The Yazoo City Fire Department relied on manpower consisting of volunteers. Today, even the actual size of the Yazoo City Fire Department at the time is debatable. The 1903 – 1904 National Fire Protection and Water Supply report stated that the Yazoo City Fire Department consisted of one paid member and 119 volunteers,[7] but reports after the disaster indicate 20 volunteer firemen initially responded to the alarm. As the volunteers raced to get their equipment, the fire was quickly spreading. There is very little question that the responding firefighters did everything in their power to combat the fire. Soon, the sheer number of burning buildings made the efforts of the firefighters almost futile. Using the technology of the day, they quickly discovered that in spite of their heroic efforts the fire would soon engulf major parts of the city. One of the major factors dooming the effectiveness of their efforts was the failure of the city’s waterworks system to provide adequate water pressure to quench a fire at even one house, much less the entire town. At the time of the fire, the city was replacing the old city water system, which had wooden mains, with a modern water system. Eyewitness accounts reported that when pressed into service, the city water system failed. Pipes burst throughout the city destroying any hope of achieving the water pressure needed to effectively abating the flames. Though frustrated, those fighting the fires did not accept defeat. It soon became a question of how much of the city would the fire destroy before some type of fire break could be established to stop the flames.[8]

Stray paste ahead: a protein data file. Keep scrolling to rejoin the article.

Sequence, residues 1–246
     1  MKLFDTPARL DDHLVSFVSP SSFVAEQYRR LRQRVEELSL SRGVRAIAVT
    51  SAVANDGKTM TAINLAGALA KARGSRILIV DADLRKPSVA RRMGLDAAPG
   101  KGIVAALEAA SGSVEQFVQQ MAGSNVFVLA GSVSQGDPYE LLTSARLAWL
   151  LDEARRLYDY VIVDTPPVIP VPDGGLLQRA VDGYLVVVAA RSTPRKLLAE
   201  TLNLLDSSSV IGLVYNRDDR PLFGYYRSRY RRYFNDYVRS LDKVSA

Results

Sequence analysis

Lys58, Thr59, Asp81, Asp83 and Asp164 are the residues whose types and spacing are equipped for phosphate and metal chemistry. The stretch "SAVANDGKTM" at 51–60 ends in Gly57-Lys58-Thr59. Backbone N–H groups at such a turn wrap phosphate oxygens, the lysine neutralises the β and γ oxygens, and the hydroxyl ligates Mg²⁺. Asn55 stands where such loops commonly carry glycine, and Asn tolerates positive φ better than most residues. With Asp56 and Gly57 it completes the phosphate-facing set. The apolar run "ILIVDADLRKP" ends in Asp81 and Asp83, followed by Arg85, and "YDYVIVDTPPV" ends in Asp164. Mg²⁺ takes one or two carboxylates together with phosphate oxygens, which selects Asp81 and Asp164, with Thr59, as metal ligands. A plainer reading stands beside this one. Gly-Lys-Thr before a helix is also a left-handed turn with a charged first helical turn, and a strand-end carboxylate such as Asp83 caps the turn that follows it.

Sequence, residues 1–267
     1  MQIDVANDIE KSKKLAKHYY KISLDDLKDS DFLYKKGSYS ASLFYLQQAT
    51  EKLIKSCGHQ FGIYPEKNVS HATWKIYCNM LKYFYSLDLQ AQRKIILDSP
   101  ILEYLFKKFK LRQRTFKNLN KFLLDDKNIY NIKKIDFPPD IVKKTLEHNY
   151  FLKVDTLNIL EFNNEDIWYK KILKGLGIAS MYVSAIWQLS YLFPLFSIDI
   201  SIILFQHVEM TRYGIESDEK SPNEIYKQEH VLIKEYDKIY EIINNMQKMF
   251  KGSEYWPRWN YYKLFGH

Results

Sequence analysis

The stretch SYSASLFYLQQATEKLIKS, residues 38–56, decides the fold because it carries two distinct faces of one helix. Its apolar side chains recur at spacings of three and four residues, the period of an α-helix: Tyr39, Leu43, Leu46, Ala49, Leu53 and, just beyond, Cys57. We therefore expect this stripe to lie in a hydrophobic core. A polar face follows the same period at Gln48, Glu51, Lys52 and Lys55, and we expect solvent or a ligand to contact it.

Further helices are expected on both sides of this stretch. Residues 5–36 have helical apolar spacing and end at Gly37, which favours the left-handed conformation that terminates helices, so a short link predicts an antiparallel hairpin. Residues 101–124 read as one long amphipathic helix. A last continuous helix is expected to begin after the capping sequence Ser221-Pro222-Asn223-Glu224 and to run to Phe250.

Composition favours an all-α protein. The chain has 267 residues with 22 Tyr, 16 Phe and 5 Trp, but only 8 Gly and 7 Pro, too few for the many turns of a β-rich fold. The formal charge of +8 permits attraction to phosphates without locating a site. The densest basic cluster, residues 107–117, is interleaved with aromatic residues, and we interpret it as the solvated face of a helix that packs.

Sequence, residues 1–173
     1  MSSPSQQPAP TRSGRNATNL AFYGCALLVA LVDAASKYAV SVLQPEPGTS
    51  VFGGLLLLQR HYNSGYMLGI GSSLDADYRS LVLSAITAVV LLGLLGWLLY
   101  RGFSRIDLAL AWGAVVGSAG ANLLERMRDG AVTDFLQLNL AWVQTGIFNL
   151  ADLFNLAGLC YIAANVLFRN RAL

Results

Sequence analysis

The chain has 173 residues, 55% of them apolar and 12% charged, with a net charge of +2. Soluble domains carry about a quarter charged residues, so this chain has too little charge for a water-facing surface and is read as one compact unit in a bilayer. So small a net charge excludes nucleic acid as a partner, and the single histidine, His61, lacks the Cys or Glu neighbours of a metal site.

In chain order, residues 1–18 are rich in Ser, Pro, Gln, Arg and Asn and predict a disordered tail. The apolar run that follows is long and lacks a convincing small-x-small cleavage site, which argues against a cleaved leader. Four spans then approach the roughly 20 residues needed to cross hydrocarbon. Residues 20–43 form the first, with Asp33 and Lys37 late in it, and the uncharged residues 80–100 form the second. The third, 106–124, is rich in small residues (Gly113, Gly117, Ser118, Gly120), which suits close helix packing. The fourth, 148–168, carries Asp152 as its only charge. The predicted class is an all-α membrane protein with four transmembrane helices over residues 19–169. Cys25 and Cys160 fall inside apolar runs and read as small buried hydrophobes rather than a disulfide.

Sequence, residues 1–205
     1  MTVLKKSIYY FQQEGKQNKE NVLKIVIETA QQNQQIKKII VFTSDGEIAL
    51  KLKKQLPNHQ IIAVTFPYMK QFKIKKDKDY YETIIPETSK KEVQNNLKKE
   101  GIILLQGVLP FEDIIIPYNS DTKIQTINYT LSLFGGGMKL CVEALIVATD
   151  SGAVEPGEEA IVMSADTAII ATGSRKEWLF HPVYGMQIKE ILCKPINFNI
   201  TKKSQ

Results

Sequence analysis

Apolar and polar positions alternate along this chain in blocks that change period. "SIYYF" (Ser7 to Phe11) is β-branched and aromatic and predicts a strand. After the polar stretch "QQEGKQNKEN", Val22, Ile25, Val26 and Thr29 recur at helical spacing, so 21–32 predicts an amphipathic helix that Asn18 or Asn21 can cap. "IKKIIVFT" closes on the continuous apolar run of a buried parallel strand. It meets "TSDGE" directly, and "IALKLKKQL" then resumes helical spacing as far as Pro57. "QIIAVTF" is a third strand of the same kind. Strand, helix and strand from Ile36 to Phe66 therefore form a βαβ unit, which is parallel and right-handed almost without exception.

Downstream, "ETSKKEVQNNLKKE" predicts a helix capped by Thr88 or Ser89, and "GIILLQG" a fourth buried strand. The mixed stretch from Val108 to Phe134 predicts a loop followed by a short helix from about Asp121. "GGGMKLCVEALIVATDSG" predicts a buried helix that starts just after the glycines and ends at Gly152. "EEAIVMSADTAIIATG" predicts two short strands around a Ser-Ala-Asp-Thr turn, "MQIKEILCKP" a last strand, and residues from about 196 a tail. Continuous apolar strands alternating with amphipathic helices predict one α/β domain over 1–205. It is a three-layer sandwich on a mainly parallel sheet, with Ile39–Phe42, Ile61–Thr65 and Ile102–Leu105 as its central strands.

According to eye witnesses “the roar of the ever-increasing flames, the confusion of terrorized thousands, the hoarse shouts of the firefighters, and the sound of crashing walls made a scene of awesome horror that remained a fixed picture in the memory of eyewitnesses as long as their lives lasted. Many homes were destroyed, and every bank, every physician's, lawyer's and dentist's office, every hotel and boardinghouse, every meat market and bakery, the newspaper and printing office, every church, clubroom, and lodge room, every telephone, telegraph and express office, the depot, the post office, every furniture store, every hardware store, all but one livery stable, all but one drugstore, every barbershop, every tailor shop, every undertaking establishment, and, in fact, nearly every business necessity.”[9] Yazoo City was decimated incrementally despite valiant efforts to control the spreading fire.